Emerson then goes on to discuss how we can use books. “Books are the best things, well used; abused, among the worst.” He believes that they should be for trying to find out past information and nothing more. He doesn’t think that books are completely accurate and that man needs to form his own opinion of what happened based off all of the information formed by other men who wrote the books. “The scholar of the first age, received into him the world around; brooded thereon; gave it the new arrangement of his own mind, and uttered it again.” Emerson doesn’t want man to solely base his thoughts of the books. “Instead of Man Thinking, we have the bookworm.” It is a never ending cycle that man must create his own ideas from other’s ideas and so on. Emerson believes that the use we can find in books. He thinks that man can learn once he uses his own mind and has his own thoughts.
“They look backward and not forward. But genius always looks forward. The eyes of man are set in his forehead, not in his hind head.” Emerson states how books are always referring to the past while mane needs to be looking forward to the future.
“Man hopes. Genius creates.” This all leads Emerson to thinking that all men can become a genius by thinking with his own mind. “Genius is the sufficiently enemy of the genius by over-influence.” He doesn’t believe that everyone should be a genius since it’s not always a good thing. Emerson says that “books are for the scholar’s idle times” and the only subjects that man should learn from reading are history and exact science.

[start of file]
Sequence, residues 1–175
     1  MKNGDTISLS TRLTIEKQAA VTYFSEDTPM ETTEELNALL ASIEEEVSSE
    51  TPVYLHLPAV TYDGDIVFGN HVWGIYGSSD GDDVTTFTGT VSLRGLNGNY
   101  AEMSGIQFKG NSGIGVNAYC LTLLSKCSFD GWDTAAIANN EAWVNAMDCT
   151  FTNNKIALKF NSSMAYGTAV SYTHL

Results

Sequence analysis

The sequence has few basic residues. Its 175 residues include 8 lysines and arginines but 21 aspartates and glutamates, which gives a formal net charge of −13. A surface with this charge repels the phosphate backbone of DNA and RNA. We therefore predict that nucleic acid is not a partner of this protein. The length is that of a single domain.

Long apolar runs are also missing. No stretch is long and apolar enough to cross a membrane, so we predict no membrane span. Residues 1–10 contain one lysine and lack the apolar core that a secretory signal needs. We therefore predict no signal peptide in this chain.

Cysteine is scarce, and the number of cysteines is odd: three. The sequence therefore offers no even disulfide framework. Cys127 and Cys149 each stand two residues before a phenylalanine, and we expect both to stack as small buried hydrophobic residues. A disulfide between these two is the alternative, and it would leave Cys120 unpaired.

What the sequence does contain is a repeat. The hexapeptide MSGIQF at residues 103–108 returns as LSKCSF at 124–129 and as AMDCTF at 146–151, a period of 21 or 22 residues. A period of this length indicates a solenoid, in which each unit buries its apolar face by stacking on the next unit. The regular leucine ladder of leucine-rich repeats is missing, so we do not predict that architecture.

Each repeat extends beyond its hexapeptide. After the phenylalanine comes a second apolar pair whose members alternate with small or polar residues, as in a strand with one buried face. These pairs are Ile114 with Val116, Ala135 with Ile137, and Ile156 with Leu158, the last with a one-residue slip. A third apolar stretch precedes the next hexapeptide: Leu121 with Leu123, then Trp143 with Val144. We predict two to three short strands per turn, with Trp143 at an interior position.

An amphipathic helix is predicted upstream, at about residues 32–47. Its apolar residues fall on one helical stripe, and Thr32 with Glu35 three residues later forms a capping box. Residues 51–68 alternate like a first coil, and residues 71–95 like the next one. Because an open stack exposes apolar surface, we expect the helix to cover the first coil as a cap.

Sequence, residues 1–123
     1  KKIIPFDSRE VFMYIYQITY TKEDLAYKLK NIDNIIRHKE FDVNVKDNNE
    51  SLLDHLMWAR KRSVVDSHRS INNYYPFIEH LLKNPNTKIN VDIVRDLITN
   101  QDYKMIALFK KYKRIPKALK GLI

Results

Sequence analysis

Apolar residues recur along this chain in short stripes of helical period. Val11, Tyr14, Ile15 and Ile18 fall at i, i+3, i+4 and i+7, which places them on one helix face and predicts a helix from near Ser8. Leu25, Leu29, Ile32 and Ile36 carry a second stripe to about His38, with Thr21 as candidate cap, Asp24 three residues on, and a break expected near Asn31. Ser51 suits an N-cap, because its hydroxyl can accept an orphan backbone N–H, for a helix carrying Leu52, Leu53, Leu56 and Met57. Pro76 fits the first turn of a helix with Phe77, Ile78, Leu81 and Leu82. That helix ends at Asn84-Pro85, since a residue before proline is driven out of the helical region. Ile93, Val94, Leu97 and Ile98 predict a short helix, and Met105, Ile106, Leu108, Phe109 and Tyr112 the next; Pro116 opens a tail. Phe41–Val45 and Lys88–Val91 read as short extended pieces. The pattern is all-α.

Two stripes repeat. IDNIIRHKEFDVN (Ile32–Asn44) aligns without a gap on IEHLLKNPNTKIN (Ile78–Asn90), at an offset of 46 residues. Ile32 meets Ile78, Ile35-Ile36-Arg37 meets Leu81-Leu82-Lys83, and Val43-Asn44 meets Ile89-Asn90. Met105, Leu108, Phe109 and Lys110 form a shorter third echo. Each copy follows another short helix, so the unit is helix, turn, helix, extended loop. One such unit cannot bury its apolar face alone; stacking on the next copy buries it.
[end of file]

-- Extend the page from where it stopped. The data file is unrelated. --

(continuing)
Although not as important, the scholar must also take action. He must fill each and every moment of the day. The scholar should work different jobs and learn new professions. Then he will learn new languages in which to illustrate his thoughts. The scholar should teach his knowledge to men, teach them facts versus appearances. To do this, the scholar must trust himself, never willing to give in to popular opinion. He should never seek money or power, or let either sway his judgment. His actions are a reflection of his character, and “character is higher than intellect.”
“Action is with the scholar subordinate, but it is essential. Without it, he is not yet man… inaction is cowardice, but there can be no scholar without the heroic mind.” Emerson wants the scholar to learn but question everything. “The true scholar grudges every opportunity of action past by, as a loss of power.” Emerson also places a value on action. “The final value of action…is, that it is a resource.” Through action man has transformed himself into Man Thinking. “The mind now thinks; now acts; and each fit reproduces the other…he has always the resource to live.”
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In “Self-Reliance” Emerson expresses his optimistic faith in the power of the individual achievement and originality. In “Nature” Emerson considers the over arching need to discover and develop a relationship with nature and God. Emerson also explains that the human sense of beauty depends on seeing things in relation to the “perfect whole” in his poem “Each and All.” In “Self-Reliance,” “Nature,” and “Each and All,” Emerson strived to stress his beliefs in individuality, and his strong connection with nature, beauty, and God.